I was pondering the things in life that so many people take for granted that are just not that simple for someone who lives with migraine disease – managing a job, raising children, finding a doctor who listens, socializing, going to a movie theater, and… travel! There are few more challenging situations than figuring out how to travel when every trigger that you so carefully spend your life avoiding suddenly all merge at once facing many of us with “the perfect storm” for a migraine attack.
Whether your migraine triggers include scents, fluorescent lights, dehydration, pressure changes, time zone changes, sleep schedule interruptions, irregular meals, new foods, noise, or muscle pain, you are guaranteed to face one or more of these if not ALL of them at once. I spent years avoiding travel at all costs – no more flying, no driving long distances, no staying in hotels, no time changes, no strangers who chose to bathe in perfume or cologne, no… well, you get the idea! Basically, just a big fat NO! Then one day I was invited to a patient advocacy conference in a different state that I really wanted to attend, and my stress levels started to go through the roof. Just the thought of walking through an airport let alone sitting on a plane or staying at a hotel where I couldn’t control the environment was causing my heart to pound and panic to build up. It was definitely decision time and for me it was time for change.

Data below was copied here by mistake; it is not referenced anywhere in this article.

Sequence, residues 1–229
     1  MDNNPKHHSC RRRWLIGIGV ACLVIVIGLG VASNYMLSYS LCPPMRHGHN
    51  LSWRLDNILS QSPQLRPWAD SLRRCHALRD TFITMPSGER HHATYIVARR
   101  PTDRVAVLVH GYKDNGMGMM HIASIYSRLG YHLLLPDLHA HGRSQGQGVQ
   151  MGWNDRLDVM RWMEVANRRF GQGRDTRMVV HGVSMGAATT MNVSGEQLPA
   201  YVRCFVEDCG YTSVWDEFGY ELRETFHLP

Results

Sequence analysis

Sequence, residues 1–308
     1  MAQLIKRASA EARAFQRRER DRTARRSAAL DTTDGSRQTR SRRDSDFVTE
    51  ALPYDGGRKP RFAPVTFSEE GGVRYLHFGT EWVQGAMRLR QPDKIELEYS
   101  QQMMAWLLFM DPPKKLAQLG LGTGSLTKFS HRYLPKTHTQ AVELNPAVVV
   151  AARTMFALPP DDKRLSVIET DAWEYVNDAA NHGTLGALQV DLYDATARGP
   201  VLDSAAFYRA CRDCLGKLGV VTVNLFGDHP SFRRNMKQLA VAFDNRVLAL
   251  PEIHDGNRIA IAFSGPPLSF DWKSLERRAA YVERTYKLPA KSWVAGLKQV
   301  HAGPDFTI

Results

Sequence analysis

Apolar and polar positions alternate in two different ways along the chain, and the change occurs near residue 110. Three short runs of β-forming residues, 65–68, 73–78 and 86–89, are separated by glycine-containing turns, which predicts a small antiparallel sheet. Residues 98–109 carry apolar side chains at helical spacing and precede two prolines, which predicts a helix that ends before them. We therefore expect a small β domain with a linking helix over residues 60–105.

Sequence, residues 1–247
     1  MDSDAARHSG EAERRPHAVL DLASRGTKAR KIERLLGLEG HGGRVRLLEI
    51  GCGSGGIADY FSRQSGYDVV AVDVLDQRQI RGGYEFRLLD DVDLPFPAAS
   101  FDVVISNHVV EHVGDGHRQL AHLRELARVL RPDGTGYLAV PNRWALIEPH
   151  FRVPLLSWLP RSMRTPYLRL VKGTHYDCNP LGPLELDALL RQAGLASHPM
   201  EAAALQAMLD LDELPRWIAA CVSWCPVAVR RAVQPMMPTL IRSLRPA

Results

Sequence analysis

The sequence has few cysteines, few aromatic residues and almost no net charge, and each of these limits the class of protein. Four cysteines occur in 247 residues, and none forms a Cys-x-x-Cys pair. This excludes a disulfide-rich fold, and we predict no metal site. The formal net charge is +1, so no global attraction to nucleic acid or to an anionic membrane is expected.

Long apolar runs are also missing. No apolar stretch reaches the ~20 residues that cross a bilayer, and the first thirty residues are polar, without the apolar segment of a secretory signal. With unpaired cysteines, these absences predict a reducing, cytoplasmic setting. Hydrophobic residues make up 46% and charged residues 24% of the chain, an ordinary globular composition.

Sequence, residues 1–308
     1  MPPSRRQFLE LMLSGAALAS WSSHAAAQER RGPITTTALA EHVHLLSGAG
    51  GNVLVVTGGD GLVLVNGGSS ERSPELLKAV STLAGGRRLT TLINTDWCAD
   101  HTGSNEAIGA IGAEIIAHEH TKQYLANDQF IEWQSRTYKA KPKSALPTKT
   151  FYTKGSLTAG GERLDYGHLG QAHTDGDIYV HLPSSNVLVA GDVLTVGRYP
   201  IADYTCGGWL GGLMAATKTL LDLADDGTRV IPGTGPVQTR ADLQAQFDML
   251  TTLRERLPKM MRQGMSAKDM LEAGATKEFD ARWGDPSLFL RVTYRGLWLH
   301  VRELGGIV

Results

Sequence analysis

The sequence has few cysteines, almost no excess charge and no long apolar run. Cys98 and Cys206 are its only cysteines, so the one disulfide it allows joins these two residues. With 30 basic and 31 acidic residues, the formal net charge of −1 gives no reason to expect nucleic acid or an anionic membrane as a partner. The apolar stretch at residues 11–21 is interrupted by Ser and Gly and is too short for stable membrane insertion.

One of the common themes we hear in the migraine community is that people feel like they have lost control of their lives. Our bodies don’t function the way we want or need them to. The disease we live with is unpredictable and frequently incapacitating. The challenge of making plans or being exposed to triggers we obsess over avoiding is all too real. But what if, just theoretically, while sacrificing many of the things we love, at times we also make informed and educated decisions to do something that we know will make us sicker? What if WE are the ones who decide to get together with friends, go to a movie, or… travel – knowing that while there will be a cost, the emotional payoff is worth it? Creeping out of isolation for “planned excursions” helps relieve the devastating isolation, helps restore just a tiny bit of a much-needed sense of normality to our lives, and most importantly, gives us back some of that control over our lives that migraine disease has taken away. It’s a benefit versus risk/cost decision, and sometimes, just sometimes, the cost is worth it. For me, being involved in migraine advocacy has transformed my perspective on life and living with chronic intractable migraine, and so I am on a fast-track to learning how to travel into that perfect storm. Part two of this blog will give some tips, so stay tuned!!
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